The average starting salary for building control surveying jobs is £22,000 a year, working 38-40 hours per week. You can expect to earn a base salary of around £39,000 when you first become chartered and later earn up to £70,000.

To learn more about salaries, check out building control jobs in your region.

What skills do you need to become a building control surveyor?
Building control jobs are often pursued by quantity and building surveyors as a natural progression of their experience. Yet as skills and training pathways are more refined across the construction sector, a career in building control is much more accessible to young people and graduates entering the built environment industry.

You can bring many transferable skills to a career in building control. Still, a good trick is to match your skills to the job – and if your skills don’t match, then to use all training opportunities to help you get there.

Here’s our list of essential skills for landing trainee building control jobs:  

  • Interest in and ability to understand and interpret building regulations, construction processes, legislation and requirements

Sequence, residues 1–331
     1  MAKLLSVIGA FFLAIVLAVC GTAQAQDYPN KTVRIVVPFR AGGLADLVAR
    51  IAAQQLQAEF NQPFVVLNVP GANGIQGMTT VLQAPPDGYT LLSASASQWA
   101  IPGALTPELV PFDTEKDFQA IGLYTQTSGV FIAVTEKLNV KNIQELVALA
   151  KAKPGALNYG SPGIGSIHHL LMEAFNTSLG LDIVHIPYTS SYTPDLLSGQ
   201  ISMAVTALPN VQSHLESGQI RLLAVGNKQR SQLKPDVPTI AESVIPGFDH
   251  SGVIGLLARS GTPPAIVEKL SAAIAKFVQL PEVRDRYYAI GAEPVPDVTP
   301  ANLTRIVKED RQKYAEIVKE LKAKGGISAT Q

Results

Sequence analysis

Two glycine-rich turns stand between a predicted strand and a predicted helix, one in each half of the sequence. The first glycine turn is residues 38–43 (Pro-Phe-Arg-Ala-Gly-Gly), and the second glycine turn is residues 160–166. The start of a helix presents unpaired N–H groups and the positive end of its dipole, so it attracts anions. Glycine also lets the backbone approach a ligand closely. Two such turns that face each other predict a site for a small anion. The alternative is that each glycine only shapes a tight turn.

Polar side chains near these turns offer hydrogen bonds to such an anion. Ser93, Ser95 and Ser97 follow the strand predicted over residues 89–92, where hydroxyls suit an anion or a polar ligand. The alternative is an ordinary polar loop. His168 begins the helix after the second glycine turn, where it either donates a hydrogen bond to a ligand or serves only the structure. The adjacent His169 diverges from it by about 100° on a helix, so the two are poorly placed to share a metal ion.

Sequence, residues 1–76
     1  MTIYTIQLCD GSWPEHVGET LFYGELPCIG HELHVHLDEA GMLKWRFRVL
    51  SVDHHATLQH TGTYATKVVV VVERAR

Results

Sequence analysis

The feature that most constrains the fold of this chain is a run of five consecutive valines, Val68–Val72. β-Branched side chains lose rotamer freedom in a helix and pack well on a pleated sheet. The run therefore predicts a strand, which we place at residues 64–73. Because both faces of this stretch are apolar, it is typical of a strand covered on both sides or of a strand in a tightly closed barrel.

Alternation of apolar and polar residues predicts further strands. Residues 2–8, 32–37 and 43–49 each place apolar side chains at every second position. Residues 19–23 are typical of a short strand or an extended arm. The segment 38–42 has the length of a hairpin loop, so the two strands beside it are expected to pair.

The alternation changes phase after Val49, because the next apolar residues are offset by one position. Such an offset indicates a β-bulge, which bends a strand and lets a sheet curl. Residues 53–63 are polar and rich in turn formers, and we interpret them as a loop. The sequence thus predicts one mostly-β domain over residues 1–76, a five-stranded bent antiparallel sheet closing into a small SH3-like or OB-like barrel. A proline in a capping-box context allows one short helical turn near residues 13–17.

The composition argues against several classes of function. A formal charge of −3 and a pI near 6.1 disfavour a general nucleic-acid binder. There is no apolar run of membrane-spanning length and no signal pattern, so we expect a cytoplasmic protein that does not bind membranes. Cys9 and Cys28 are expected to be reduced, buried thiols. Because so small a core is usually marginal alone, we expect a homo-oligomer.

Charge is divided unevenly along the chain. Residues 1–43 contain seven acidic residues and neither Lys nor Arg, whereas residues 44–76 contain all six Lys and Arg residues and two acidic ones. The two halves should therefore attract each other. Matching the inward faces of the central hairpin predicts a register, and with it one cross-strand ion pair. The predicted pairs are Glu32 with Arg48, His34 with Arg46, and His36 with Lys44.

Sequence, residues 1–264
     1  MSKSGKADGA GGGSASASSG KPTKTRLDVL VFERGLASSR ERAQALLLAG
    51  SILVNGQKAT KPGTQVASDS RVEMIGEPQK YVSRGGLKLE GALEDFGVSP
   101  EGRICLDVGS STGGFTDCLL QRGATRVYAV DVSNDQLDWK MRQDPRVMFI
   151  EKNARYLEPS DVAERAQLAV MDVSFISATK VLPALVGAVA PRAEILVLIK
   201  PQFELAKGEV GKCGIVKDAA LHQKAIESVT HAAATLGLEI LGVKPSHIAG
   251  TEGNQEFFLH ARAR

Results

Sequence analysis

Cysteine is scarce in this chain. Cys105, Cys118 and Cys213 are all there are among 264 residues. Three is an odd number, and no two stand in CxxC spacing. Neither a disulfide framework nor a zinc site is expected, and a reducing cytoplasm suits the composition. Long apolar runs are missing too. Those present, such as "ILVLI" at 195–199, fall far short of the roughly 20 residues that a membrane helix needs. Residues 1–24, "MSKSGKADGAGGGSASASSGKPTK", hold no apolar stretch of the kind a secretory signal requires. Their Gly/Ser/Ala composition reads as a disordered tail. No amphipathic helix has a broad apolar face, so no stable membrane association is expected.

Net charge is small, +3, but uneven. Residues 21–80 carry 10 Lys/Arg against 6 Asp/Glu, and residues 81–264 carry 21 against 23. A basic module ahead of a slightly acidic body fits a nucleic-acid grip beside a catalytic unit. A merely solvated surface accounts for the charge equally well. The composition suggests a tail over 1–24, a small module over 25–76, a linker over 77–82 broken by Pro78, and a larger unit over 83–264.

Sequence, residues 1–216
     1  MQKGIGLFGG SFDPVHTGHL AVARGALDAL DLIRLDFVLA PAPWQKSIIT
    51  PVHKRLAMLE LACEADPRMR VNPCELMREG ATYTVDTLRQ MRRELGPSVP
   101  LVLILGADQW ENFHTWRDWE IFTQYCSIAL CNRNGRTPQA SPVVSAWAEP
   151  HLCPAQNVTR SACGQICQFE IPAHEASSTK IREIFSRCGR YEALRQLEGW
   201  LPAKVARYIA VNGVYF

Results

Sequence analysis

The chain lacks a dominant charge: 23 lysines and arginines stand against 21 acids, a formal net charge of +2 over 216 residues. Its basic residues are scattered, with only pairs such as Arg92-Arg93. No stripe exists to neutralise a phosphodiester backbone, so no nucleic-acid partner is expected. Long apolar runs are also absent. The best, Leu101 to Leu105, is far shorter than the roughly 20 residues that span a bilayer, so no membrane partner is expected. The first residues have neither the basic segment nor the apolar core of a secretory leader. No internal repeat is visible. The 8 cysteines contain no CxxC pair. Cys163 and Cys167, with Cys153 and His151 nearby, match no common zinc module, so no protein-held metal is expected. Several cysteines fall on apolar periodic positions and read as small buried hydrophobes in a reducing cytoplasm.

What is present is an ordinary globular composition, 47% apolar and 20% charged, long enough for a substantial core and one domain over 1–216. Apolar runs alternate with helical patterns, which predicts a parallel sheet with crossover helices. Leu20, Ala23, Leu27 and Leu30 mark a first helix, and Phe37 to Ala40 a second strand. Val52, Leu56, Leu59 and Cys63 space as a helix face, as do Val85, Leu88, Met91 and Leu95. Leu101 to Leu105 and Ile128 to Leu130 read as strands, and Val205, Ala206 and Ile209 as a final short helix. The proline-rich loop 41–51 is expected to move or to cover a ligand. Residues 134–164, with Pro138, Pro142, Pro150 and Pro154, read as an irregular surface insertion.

• Ability to explain complex issues and legal requirements in simple terms
  • Confidence to provide advice and guidance
  • Attention to detail, while able to see the bigger picture
  • Excellent communication skills, written and verbal
  • Strong IT skills and comfortable learning new technologies
  • Strong analytical and problem-solving skills
  • Negotiation skills
  • Strong time management and organisational skills
  • Strong relationship-building skills
  • Motivation to develop yourself and achieve professional accreditation
  • A full driving licence, to travel to sites

Even when applying for your first surveyor role, it’s useful to know the top skills high earning surveyors have. Employers value applicants with a mindset that reflects their industry, especially if they possess the skills to go with it.